Why is quantum theory being quantized

What is quantum physics?

The effects of quantum physics occur in the world of the smallest particles, at the atomic level and below. Only applications such as lasers, electron microscopy or superconductivity make quantum mechanical effects tangible in our world.

It is the case that measurements on very small particles, such as molecules or even smaller systems, often yield results that contradict classical physics. For example, it is the case that some quantities can no longer assume any arbitrary values, but only multiples of so-called “quantum values”.

Quantum mechanics The physicist Erwin Schrödinger was formative for quantum mechanics. Put simply, his approaches mean that physics is dependent, for example, on time and place. For example, it is not irrelevant WHO is sitting under an apple tree when it comes to the question of whether an apple falls on that person. This may seem strange to us, but it has been assumed in physics for over half a century.

He is best known for his thought experiment - "Schrödinger's Cat". Here one imagines that an unstable atomic nucleus, a cat and Geiger counter and a poison capsule are in a locked box. When the atomic nucleus disintegrates, radioactivity is released, which the Geiger counter measures, whereupon the deadly poison is released. This experiment is exciting because you cannot say whether the cat is still alive or already dead at a certain point in time. According to quantum theory, the atom is in a state of superposition, i.e. not yet decaying and already decaying. Accordingly, as long as the box is unopened, the cat should also be in this state - alive and dead at the same time.

Quantum physics brings into play ...

  1. Heisenberg's uncertainty principle: It is impossible to precisely determine the location and speed of a particle at the same time. Instead of electron orbits around atoms, orbitals are drawn, lounges for electrons in which they are likely to be located.
  2. Quantization: Some physical quantities such as energy or electrical charge can only occur in multiples of a smallest unit value.
  3. The prohibition of exclusion: elementary particles with the same quantum numbers that describe their state cannot be in the same place at the same time. But this does not apply to all elementary particles, which in turn leads to wonderful questions ...
  4. The entanglement: Two elementary particles that are "entangled" but are in two different places are "ghostly connected". If one observes one, the state of the other is immediately established. Quantum teleportation, quantum encryption and quantum computers are made possible with it.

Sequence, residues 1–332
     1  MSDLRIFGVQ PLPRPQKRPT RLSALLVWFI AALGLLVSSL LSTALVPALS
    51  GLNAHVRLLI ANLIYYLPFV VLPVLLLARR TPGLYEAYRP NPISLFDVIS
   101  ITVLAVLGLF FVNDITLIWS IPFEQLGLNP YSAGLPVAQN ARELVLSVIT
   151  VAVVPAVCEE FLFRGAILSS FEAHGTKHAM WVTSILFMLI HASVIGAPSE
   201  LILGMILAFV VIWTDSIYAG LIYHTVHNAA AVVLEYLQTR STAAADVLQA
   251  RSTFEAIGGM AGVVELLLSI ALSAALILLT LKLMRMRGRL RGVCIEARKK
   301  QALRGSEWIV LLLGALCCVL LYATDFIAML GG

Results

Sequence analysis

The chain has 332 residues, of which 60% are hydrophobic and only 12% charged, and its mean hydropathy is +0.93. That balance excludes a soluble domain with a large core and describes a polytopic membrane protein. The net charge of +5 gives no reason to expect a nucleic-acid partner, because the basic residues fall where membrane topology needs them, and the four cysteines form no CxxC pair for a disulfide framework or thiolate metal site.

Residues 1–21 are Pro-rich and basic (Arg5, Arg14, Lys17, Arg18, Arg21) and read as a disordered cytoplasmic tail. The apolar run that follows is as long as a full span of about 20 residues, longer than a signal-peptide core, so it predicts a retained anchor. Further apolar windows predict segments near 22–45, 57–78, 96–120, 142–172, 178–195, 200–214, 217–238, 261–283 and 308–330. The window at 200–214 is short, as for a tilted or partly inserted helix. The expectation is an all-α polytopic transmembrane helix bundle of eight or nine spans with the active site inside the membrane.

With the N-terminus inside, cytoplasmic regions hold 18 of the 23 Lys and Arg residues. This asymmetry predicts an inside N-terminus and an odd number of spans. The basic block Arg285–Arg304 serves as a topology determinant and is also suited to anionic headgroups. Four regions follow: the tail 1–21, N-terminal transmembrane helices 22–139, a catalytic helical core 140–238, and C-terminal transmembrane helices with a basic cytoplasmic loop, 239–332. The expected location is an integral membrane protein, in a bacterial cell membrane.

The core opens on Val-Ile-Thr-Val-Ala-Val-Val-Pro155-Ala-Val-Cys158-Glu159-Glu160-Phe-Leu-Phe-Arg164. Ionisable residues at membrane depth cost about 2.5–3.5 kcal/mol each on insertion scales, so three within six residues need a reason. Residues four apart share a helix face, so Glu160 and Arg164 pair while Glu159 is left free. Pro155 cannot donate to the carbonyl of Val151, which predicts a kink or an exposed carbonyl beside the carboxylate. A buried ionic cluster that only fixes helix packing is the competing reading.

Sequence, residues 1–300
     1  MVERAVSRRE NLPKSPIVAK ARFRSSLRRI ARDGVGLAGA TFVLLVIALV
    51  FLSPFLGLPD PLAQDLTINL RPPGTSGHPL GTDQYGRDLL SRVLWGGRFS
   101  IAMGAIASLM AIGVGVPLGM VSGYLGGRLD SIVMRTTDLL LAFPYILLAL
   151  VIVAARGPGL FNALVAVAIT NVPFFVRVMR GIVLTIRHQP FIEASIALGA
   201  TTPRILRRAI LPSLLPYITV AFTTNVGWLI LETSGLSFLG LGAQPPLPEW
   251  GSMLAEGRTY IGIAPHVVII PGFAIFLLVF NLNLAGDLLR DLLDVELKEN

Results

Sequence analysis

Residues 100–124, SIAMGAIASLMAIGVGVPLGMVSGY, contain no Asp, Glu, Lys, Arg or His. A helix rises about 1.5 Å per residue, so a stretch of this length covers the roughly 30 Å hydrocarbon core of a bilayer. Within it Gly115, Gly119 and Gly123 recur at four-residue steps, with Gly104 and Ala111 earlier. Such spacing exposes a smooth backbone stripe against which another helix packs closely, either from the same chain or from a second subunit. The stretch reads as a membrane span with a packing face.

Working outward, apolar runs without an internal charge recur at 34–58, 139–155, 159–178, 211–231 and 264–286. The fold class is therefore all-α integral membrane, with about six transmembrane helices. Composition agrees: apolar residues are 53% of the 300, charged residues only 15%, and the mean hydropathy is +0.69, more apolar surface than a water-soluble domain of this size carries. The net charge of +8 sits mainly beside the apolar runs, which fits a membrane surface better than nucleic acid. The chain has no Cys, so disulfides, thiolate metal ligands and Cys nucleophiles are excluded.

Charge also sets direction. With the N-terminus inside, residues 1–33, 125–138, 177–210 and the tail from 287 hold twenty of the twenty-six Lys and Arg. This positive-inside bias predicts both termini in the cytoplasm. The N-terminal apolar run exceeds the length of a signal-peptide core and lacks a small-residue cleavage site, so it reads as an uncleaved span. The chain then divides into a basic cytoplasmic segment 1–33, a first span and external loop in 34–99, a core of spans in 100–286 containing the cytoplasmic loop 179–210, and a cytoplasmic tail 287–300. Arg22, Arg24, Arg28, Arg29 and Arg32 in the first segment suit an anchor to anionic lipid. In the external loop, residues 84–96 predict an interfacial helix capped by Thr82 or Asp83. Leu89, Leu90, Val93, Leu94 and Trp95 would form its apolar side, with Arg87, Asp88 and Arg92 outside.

5. The difficult measurement: measurement is so disruptive that either quantum physical phenomena disappear completely, or the measurement influences the measurement so much that it is seriously changed.
  6. The wave-particle dualism: Not only is light a wave and a stream of particles (photons) in equal measure, but also matter. Electrons, protons and whatever are particles and waves at the same time. Some experiments show the particle character, others the wave character.

In the quantum world, you can walk through the wall, easily flow out of a glass, or do any other crooked thing. But be careful: everything is unfamiliar, we are not at home there!

Quantum physics was co-founded by three important attempts:

  1. The photoelectric effect: a charged metal plate can be discharged by irradiating it with light. Energy is transferred to the electrons, which can then leave the plate. However, only when the light is sufficiently energetic, with UV light. Imagine that the incoming light particles (photons) transport this energy.
  2. The problems with the blackbody. The amount of energy given off by a glowing object is mathematically infinite, which of course cannot be. The problem only became solvable with the quantization of the energy.
  3. The double slit experiment: electrons that fly towards a wall with two holes leave behind a pattern on a screen as if they were behaving as a wave. As soon as you want to find out which hole a certain electron has flown through, it behaves like in “classical mechanics”, the effect disappears. This strange behavior let Erwin Schrödinger formulate the thought experiment with "Schrödinger's cat".

The field of research in quantum physics becomes very complicated very quickly the deeper you go into it. Anyone who has mastered the field can express many phenomena in mathematical terms. If, however, an attempt is made to translate these connections into everyday language and thus into our everyday world, it is difficult to accept the strange phenomena or even to understand them approximately.

Young physicists developed quantum physics, people who were not very concerned about existing and established concepts: Niels Bohr, Albert Einstein, Max Planck and others.

An informative video on the subject (in English):

Video link to Alpha Centauri: What is the uncertainty relation?

Heisenberg's uncertainty principle is a kind of “holy grail” in physics - and at the same time extremely strange and complex. In it is the realization that one changes the observed world through the act of observation, so that one can never see it as it really is.

Video link to Alpha Centauri: Is Schrödinger's cat dead?

Still interested?

Interview with Anton Zeilinger, Viennese quantum physicist (Uni: View